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Chad Smith

Member Since 26 Jun 2005
Offline Last Active May 20 2016 09:31 PM

#5292569 Best Programming Language for Simple Multiplayer Sport Simulation Game

Posted by on 19 May 2016 - 10:10 PM

This screams like a web application to me.  


So for Client Side you will need really at the minimum JavaScript/HTML5 and some type of server side technology (storing your information in some kind of database, and maybe storing some other things on the server).


There are A LOT of JavaScript frameworks that can be used (I actually think there are too many frameworks), each one having their own pros and cons. And really for server side you could choose almost anything.  You mentioned Python and Python would mostly definitely be able to do it. Though from what I gather about what you posted I can see this type of game fitting inside a node.js app with maybe using MongoDB as the database

#5271001 When you realize how dumb a bug is...

Posted by on 13 January 2016 - 09:31 PM

happened yesterday at work:


Writing a quick file uploader for a web app. Put all my form inputs in place, get the section where you can drag and drop files in, write a few simple methods to return a list from the server to dynamically populate a drop down. Populate the drop down and....the drop down doesn't work? What? Why didn't it populated? Spend an hour looking for a stupid mistake in my code and going through documentation. Finally get irritated enough that I literally copy and pasted a hard coded example. Wait? Still doesn't work? The drop down isn't even registering my click event!?

Ask someone, he walks over and instantly sees that the section to drag and drop files was overlapping the drop down. I knew their was a reason I hated front end stuff. I'll stick to my server side stuff...wacko.png

#5261478 simple java question

Posted by on 11 November 2015 - 12:22 AM

i2 points to the same address as i does. so since i becomes "0", shouldon't i2 also be "0"?

In Java Strings are immutable. Basically there is nothing* that you could do to i that would affect the value of i2. They originally referred to the same object, the string "3." So it is a reference to an object, with "3" being the object. When you set i to "0" it just changes the reference, while the string object remained unchanged.



Note: I will be the first to admit that I do not program in Java. I am a C++ and C# programmer. I am just going off of what I believe I remember when I did learn Java. If my information is wrong I apologize. 

*I think you could use reflection to mutate a string (based off my quick research)? 

#5228247 Different GCC Versions Resulting in Different Output

Posted by on 10 May 2015 - 11:33 AM

Sounds wierd. I can't see anything wrong.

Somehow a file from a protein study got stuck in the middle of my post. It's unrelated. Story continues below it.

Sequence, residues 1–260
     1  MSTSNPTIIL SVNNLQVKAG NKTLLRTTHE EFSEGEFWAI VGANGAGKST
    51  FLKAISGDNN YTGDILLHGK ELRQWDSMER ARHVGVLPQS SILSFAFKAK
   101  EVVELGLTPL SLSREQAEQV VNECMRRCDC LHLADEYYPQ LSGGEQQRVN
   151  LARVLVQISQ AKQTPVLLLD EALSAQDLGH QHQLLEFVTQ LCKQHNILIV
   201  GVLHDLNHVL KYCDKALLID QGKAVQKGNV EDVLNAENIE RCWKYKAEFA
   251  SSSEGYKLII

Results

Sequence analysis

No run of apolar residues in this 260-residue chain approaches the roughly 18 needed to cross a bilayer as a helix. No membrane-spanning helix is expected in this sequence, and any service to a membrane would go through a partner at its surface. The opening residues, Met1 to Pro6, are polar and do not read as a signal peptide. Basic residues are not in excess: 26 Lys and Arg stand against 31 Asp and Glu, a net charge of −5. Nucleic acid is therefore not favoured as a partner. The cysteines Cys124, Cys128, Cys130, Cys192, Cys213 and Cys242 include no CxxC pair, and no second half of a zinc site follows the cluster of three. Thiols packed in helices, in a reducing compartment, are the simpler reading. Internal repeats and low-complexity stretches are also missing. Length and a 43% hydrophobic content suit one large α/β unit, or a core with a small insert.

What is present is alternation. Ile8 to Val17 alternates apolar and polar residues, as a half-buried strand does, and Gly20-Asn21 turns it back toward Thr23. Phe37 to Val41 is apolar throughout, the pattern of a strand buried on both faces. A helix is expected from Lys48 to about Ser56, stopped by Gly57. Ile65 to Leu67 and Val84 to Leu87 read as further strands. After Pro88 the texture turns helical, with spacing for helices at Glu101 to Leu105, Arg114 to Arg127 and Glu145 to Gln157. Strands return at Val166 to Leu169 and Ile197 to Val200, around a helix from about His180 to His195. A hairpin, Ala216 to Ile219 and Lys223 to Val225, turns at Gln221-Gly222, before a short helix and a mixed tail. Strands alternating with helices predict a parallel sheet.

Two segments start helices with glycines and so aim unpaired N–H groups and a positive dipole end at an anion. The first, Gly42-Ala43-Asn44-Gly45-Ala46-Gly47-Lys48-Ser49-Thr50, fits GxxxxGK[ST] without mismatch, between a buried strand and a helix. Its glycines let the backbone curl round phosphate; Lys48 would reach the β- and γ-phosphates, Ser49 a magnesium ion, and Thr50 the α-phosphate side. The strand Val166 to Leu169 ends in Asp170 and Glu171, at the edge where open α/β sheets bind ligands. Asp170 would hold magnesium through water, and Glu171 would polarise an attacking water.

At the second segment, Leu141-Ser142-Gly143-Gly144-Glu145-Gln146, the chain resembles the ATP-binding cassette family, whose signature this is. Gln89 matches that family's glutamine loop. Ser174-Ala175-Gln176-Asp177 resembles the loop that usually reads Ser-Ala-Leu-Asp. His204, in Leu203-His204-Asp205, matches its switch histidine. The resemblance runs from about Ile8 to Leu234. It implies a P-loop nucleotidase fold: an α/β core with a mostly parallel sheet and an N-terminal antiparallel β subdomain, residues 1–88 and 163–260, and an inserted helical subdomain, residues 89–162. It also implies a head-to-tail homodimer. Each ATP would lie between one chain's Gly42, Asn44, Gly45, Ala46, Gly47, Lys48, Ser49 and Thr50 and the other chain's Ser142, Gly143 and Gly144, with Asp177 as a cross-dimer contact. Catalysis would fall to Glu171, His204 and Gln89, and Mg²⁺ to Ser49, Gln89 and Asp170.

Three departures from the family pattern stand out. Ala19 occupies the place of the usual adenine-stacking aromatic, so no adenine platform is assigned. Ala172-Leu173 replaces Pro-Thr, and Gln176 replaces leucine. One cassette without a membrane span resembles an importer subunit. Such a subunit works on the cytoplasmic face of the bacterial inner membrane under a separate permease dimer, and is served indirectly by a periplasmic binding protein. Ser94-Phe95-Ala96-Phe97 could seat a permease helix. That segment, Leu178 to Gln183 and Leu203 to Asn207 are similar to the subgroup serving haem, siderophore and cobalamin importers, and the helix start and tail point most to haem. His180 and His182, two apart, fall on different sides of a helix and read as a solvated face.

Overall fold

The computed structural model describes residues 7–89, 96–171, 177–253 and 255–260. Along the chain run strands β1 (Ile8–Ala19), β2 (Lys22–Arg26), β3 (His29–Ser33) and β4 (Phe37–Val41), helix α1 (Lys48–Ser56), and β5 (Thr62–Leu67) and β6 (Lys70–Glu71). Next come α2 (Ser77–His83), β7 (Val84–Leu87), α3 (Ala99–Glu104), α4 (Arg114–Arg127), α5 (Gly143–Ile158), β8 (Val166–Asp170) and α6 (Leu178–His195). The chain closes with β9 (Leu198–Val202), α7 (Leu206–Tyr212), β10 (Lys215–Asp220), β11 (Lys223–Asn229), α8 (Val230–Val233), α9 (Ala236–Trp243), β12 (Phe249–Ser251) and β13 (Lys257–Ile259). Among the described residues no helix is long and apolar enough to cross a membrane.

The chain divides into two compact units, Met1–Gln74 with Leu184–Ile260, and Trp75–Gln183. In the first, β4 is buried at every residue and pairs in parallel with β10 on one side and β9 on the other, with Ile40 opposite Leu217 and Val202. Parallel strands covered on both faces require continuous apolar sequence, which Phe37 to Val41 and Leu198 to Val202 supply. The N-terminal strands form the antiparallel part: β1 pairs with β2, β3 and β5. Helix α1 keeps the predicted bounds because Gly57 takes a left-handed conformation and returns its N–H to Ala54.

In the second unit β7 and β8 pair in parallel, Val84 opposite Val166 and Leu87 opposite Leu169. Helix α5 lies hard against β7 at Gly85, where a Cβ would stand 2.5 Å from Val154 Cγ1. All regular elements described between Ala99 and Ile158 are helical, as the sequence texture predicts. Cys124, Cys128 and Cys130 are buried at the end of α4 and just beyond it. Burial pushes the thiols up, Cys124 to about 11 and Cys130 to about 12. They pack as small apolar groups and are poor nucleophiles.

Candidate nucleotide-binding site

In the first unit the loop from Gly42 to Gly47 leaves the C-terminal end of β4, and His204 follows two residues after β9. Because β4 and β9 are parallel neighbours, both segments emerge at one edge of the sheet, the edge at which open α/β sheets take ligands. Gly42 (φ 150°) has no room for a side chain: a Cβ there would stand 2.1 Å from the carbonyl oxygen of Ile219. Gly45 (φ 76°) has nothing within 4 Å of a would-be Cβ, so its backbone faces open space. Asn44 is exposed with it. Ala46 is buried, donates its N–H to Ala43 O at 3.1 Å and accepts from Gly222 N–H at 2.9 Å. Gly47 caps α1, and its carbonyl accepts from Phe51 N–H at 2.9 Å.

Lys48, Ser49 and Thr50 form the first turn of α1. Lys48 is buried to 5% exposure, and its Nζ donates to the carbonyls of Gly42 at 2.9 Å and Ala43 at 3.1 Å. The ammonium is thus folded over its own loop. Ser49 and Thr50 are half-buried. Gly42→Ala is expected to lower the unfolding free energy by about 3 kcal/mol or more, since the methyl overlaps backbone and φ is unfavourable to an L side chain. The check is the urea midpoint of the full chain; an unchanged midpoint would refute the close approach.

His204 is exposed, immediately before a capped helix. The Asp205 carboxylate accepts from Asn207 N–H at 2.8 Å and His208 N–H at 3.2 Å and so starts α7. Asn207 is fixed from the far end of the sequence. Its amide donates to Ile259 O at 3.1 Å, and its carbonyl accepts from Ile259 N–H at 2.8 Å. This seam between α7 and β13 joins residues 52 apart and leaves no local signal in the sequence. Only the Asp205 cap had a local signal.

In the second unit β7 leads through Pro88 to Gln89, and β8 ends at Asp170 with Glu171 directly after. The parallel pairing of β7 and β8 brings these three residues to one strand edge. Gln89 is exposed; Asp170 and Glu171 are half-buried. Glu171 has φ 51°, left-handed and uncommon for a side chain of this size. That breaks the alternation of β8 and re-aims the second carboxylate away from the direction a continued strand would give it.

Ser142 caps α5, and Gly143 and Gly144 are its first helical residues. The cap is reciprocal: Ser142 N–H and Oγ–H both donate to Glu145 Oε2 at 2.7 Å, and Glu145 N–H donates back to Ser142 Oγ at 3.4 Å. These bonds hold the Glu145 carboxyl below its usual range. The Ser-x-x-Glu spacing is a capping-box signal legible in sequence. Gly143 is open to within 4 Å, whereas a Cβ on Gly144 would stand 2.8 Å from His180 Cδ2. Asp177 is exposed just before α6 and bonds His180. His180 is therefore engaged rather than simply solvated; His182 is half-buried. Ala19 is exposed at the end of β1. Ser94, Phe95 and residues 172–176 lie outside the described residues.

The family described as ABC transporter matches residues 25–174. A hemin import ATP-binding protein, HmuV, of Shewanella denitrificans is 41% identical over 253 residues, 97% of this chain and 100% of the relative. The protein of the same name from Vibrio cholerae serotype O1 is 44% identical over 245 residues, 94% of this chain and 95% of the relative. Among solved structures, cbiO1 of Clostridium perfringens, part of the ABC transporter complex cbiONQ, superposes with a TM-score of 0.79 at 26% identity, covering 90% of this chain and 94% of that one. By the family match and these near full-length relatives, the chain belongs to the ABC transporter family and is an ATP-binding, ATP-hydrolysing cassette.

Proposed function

You are initializing l2TotalTries to zero, right?


What the...Ok, that is what I get for coding at 2 in the morning I guess. 

I saw that last night and said "ahh, that's the issue, DUH!" Though after I fixed that I could of swore I tried it again on both my Universities linux machine and my Windows machine with gcc and it still gave the wrong output.  Though after doing that again today, setting l2TotalTries to zero works, as it should, and not initializing it to zero doesn't work.


Which I do sort of understand. l2TotalTries would be just garbage data, correct? So I can either get the desired results, or the wrong results. It seems using Visual Studio in both release and debug mode gives me the desired results when it is not set to zero. My friends Mac Book Pro did the same thing. While my University machines just used garbage data, and compiled under GCC on my Windows computer also resulted it in it being set to garbage data.


Little odd that different versions of compilers and different systems did different things to that variable. Though I understand that is not covered in the standard so the results are unknown. Guess I see why you always initialize your variables. Though I still swear that I tried that last night and it still gave unexpected results. Though I can't repeat it today.


I guess lets just ignore this post now. I do feel pretty dumb for making a mistake like that now and not understanding it. *embarrassed* 

#5226836 Best comment ever

Posted by on 02 May 2015 - 09:46 AM

I always like the comments from sections of Code that are copied and pasted from old code or another project. Ran into that the other day at work. Comment said it did something, code did something else unrelated.

#5177793 Did I begin learning late?

Posted by on 02 September 2014 - 09:19 PM

Not even close too old.  Matter of fact, I'd say you are at the perfect age too.


I attend a University and I remember in one of my first Computer Science courses there was a guy in his 60's coming back to school just so he could learn programming.  

#5175310 Strange output when writing to a file object and printing it out

Posted by on 21 August 2014 - 11:14 AM

Honestly, I sort of feel this is why some people are afraid to post some questions or post in the For Beginners section.